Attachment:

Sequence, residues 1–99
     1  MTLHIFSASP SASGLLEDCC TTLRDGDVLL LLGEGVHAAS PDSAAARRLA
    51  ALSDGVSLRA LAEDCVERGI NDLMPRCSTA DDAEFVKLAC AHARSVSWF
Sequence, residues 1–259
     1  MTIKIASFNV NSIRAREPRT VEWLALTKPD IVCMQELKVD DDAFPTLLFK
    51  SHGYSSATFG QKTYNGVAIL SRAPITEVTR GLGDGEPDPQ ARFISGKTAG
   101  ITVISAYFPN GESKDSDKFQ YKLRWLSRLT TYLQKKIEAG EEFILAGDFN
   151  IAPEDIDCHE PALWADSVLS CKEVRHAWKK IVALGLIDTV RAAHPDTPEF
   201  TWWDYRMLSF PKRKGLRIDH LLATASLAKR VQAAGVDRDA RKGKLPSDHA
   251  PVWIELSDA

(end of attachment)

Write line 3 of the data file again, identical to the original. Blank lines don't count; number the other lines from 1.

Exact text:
    51  ALSDGVSLRA LAEDCVERGI NDLMPRCSTA DDAEFVKLAC AHARSVSWF